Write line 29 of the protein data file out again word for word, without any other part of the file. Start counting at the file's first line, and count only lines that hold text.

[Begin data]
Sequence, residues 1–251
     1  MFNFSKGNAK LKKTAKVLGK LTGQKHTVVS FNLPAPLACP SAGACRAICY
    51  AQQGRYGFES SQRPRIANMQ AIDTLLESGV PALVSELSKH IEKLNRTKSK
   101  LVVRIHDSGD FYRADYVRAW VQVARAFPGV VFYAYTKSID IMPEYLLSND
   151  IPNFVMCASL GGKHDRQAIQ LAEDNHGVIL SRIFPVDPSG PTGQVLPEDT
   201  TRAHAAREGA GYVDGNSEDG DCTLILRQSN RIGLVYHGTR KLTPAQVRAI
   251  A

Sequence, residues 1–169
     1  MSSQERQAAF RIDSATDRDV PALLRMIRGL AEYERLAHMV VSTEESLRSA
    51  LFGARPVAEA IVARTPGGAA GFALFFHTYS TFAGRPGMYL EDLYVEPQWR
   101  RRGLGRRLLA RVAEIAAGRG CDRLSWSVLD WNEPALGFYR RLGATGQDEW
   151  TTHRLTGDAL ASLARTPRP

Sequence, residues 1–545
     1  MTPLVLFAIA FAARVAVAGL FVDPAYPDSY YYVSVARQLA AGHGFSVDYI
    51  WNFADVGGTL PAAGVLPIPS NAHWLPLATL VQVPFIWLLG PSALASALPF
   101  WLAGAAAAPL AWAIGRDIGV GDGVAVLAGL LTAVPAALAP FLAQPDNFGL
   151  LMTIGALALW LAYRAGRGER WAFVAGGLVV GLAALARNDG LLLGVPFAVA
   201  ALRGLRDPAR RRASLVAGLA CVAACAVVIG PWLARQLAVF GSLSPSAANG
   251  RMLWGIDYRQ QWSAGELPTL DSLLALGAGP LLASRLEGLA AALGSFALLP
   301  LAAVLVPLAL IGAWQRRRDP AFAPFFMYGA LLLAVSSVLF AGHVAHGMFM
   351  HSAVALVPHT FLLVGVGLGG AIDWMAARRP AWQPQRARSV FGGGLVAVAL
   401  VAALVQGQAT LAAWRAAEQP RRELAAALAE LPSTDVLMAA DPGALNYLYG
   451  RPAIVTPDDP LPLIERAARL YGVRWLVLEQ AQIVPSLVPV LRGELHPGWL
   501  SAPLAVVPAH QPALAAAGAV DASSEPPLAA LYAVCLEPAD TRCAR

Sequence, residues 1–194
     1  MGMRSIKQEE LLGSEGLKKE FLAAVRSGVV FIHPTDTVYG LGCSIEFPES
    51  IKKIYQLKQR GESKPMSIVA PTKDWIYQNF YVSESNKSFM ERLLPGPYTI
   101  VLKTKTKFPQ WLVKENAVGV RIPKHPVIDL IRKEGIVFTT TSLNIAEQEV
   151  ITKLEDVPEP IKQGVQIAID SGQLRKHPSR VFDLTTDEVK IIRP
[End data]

   151  ITKLEDVPEP IKQGVQIAID SGQLRKHPSR VFDLTTDEVK IIRP